La Jollans win appeal of San Diego’s environmental findings on residential project in Country Club area

An overview of Encelia Drive (top) and Romero Drive shows two proposed houses superimposed.
An overview of Encelia Drive (top) and Romero Drive shows two proposed houses superimposed, as presented to the San Diego City Council by land-use attorney Julie Hamilton.
(City of San Diego)

Representing the wishes of the La Jolla Community Planning Association and a handful of residents of La Jolla’s Country Club neighborhood, opponents of a planned residential development won an appeal of the city of San Diego’s findings that the project would not have a significant environmental impact.

Land-use attorney Julie Hamilton and La Jolla architect Phil Merten convinced the San Diego City Council at its Feb. 1 meeting that the project merits additional environmental review before proceeding with construction.

The project calls for coastal development and site development permits to demolish a two-story, 5,022-square-foot single-family home at 7248 Encelia Drive that was damaged by a landslide that occurred at 7231 Romero Drive and build single-family residences on each property.

The Encelia property would get a three-story, 8,641-square-foot home with an open carport and site improvements, and the Romero property would have a three-story, 4,945-square-foot house with a 3,267-square-foot basement/garage and site improvements.

In 2019, the Community Planning Association voted down the project “due to excessive bulk and scale, including height and form, and due to the lack of step-backs of the facade, which makes the structure out of character with the surrounding community.”

As part of the project’s environmental review, a hearing officer with the city Development Services Department approved it last September and adopted a final mitigated negative declaration, which indicates a project either will not have a significant environmental impact or the impact can be diminished through mitigation.

At the Feb. 1 City Council meeting, planners from Development Services said that while the project could have “significant effects on the environment with respect to cultural resources … and tribal resources,” a mitigation monitoring and reporting program would “reduce all impacts to below a level of significance.”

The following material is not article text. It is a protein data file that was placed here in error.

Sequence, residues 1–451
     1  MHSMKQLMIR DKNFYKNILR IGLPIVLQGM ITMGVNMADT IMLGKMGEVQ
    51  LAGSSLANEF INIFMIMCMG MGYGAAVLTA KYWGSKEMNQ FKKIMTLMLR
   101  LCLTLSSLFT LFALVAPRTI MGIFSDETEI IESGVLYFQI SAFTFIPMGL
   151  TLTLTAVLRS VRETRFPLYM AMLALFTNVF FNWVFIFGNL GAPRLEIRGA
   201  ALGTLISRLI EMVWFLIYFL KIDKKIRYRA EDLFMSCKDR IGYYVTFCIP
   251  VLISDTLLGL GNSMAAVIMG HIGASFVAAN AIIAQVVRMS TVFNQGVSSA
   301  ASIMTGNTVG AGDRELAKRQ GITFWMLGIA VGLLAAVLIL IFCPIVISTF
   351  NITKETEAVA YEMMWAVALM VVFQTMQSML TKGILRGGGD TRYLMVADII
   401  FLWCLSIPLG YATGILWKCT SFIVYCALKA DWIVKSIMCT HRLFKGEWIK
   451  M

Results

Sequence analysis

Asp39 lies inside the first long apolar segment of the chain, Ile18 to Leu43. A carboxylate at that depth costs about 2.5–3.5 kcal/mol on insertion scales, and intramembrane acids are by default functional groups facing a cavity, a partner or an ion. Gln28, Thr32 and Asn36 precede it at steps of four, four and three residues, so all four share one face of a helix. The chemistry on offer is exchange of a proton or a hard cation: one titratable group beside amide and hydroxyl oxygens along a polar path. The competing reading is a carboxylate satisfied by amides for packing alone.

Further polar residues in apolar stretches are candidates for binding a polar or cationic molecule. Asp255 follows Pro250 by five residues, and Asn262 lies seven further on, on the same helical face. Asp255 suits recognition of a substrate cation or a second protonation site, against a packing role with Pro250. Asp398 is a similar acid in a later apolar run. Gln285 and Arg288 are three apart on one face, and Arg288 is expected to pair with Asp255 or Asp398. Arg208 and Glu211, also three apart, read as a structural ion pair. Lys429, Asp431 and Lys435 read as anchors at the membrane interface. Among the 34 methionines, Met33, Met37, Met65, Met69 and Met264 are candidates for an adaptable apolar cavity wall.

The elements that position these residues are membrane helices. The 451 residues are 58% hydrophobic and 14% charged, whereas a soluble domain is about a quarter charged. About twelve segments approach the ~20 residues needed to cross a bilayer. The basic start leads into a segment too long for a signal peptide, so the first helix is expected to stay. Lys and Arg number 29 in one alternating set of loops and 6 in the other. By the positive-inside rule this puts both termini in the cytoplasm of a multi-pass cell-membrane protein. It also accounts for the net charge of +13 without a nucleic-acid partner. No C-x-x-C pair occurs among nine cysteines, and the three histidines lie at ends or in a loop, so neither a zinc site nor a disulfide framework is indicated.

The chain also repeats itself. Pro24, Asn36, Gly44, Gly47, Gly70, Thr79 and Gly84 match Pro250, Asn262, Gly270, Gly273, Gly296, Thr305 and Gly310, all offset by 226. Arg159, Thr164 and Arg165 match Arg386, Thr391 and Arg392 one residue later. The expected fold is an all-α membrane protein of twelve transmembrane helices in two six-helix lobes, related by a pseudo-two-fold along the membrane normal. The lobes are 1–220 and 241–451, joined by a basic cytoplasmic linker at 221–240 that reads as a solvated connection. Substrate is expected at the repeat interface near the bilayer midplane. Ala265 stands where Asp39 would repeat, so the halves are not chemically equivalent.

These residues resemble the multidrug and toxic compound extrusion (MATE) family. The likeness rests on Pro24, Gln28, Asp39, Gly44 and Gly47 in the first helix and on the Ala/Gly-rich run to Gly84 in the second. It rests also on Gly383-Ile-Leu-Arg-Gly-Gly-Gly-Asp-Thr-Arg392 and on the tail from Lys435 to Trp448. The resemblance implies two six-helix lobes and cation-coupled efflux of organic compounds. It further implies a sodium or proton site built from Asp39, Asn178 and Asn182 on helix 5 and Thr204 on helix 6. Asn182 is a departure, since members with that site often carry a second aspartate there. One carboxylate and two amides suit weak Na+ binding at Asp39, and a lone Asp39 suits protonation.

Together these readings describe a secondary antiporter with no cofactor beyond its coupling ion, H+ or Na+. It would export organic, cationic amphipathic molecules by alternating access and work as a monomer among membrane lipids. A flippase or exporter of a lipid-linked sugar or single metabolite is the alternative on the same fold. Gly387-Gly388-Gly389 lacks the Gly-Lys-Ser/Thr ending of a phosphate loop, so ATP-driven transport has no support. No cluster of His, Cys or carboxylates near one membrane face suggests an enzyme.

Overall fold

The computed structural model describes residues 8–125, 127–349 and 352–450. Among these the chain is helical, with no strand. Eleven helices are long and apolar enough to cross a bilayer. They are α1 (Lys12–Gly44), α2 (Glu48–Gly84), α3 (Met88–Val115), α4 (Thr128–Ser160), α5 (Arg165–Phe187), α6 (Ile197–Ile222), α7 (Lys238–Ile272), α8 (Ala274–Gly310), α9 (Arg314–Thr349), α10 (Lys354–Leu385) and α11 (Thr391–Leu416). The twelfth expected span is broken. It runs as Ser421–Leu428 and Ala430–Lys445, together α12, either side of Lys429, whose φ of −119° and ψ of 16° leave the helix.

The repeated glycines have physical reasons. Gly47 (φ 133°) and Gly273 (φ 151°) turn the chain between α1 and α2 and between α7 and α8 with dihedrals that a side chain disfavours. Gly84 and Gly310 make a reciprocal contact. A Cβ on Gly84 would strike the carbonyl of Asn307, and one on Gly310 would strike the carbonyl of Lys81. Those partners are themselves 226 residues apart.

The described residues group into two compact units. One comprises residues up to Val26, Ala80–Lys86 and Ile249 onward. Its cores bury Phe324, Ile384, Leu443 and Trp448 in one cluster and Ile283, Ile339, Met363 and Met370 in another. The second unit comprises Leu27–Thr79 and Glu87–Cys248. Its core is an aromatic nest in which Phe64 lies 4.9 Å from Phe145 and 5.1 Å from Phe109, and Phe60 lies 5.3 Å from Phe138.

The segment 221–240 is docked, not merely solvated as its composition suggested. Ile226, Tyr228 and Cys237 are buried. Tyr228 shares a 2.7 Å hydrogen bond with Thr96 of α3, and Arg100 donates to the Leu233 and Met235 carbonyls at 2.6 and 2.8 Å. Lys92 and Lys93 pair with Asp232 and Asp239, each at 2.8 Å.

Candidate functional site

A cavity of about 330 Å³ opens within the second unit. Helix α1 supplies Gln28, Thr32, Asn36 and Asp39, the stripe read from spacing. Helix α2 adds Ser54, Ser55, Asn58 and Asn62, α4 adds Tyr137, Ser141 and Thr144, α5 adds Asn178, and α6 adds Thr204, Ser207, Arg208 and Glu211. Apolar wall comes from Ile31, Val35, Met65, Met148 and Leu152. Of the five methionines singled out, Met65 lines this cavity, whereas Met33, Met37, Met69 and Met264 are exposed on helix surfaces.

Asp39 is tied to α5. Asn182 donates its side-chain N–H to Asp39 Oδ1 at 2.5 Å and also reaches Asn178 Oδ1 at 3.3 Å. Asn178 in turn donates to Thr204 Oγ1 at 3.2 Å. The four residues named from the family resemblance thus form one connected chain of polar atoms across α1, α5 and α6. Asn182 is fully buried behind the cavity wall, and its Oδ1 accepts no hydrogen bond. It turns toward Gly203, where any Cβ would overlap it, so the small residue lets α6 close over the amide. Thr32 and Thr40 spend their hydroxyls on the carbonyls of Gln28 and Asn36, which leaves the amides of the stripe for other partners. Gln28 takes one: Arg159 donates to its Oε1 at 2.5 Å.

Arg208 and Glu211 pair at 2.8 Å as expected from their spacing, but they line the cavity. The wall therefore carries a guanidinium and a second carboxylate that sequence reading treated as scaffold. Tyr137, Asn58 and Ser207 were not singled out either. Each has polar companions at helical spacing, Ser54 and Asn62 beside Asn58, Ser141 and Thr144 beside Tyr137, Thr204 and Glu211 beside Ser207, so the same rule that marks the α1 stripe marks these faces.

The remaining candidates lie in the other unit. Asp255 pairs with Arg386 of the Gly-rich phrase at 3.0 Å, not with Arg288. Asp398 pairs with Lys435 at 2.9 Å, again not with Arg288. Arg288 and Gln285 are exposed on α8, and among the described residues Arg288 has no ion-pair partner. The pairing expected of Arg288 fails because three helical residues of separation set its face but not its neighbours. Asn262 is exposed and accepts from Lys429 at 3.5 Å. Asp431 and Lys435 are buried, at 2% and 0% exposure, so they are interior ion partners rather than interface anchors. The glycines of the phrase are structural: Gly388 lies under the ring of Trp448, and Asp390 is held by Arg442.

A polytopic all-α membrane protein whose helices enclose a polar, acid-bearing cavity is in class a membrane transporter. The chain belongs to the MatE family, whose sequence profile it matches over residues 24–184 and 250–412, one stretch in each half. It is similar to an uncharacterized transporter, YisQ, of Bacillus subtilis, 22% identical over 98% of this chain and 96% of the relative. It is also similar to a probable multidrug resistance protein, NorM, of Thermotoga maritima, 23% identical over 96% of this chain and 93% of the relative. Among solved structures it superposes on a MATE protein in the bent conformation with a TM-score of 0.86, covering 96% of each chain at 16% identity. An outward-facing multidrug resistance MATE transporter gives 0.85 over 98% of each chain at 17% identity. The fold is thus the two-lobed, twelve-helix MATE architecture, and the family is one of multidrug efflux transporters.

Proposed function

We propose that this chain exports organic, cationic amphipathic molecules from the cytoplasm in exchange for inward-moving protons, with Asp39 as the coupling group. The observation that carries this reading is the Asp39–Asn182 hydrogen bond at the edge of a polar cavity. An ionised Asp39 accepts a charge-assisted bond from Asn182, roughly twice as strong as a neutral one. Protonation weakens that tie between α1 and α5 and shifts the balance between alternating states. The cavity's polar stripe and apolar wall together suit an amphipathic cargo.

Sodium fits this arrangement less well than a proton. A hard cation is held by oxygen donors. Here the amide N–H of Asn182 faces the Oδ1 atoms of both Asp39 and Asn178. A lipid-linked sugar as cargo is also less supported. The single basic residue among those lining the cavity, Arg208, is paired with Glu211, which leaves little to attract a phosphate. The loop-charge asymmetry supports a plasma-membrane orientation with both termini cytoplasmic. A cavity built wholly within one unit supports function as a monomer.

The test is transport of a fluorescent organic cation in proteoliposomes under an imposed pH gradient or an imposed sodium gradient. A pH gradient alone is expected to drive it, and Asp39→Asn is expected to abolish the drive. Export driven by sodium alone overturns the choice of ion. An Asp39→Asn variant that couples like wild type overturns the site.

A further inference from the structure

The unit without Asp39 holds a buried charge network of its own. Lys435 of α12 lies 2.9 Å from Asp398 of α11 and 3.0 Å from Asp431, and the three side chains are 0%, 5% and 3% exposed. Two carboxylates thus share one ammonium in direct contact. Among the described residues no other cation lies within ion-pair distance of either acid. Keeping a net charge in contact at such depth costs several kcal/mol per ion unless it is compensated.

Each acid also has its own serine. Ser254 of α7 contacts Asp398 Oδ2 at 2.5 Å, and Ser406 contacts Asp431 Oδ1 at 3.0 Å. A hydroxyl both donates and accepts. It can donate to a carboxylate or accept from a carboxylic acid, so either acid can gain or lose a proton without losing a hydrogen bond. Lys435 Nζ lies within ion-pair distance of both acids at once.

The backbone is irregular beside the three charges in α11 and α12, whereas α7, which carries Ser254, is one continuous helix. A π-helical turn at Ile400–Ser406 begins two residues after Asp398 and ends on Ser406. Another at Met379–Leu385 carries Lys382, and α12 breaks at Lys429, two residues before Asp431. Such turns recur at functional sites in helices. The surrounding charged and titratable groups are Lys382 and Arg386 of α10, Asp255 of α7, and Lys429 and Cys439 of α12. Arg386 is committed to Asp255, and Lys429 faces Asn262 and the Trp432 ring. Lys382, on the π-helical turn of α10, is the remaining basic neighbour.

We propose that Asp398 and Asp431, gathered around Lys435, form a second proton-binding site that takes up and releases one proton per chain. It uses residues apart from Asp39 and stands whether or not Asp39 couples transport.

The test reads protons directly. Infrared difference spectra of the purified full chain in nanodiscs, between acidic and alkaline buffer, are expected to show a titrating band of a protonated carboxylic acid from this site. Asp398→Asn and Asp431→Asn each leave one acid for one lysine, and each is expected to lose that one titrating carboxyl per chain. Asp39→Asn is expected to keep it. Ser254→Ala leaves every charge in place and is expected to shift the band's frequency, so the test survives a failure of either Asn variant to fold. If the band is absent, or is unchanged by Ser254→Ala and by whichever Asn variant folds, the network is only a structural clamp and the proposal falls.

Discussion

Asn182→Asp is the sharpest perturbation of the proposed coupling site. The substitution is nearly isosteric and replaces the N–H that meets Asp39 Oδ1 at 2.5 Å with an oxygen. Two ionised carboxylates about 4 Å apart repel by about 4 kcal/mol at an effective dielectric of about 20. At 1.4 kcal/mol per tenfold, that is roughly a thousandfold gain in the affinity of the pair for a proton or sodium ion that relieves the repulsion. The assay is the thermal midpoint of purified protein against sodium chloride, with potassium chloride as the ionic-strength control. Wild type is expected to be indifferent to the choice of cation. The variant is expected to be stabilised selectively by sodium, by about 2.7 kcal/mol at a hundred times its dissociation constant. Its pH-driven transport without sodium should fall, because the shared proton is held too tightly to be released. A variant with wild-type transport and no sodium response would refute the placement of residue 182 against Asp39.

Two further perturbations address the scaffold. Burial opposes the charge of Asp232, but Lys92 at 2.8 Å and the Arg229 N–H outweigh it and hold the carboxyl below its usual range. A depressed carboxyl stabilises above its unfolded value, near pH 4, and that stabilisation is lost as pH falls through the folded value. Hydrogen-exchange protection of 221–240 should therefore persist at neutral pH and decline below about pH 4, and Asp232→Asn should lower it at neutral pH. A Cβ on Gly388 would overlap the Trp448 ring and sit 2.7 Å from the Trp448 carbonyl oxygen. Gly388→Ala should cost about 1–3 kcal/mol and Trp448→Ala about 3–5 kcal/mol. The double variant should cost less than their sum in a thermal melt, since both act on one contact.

Hamilton argued that the project would yield the “two biggest homes on this hillside, a hillside that has already failed. There is a dispute as to whether the remediation for the failure was adequate. If you are wrong about this, this could have devastating effects.”

Neighbor Ronald Schachar said that if the hillside fails again, “my house will be in the ocean.” He said the area needs to be “evaluated properly.”

City planners insisted the appeal did not provide sufficient arguments to change the mitigated negative declaration and require something further. Staff also said the project “is compatible with surrounding development … and complies with all height and bulk regulations.”

Other issues listed in the appeal included the floor area ratio (the size of a building in relation to its lot) and the overall building height.

Merten said the negative declaration should not be certified because “the project description and staff report are erroneous in that they underrepresent the size of the project.” Certain enclosed areas of the houses were not included in the measurement, yet “contribute to the perceived mass and bulk of the structure,” he said.

Further, he said, the overall height of the houses would be more than 40 feet each, though only 30 feet is allowed.

During public comments, LJCPA President Diane Kane told the council that “the projects fail to comply with several provisions of local planning code” and that the “bulky overscaled dwellings … fail to maintain streetscape integrity and transition to their neighbors.”

Others called the project “inappropriate for the area.”

During council deliberations, Councilman Joe LaCava, whose District 1 includes La Jolla, agreed that further environmental analysis is merited.

He made a motion to grant the appeal and set aside the city’s previous environmental determination. “The appellant makes fair arguments and presents evidence with an adequate foundation of facts. … It is requested that the planning director reconsider the MND and prepare a revised environmental document as appropriate … [that provides] further analysis of the impacts to aesthetics, as both project houses exceed allowable height and/or bulk regulations.”

The council was tasked with considering only the validity of the environmental determination, not the development permits associated with the project. However, those permits also have been appealed, and that issue will be heard by the San Diego Planning Commission at a future meeting.

Kane later said she was “stunned” at the outcome of the council meeting, given that LJCPA regularly appeals city decisions that contradict its own, only for the city to deny the appeal and keep its original findings.

“I went into the meeting expecting the same response we usually get, but they actually heard us,” Kane said. ◆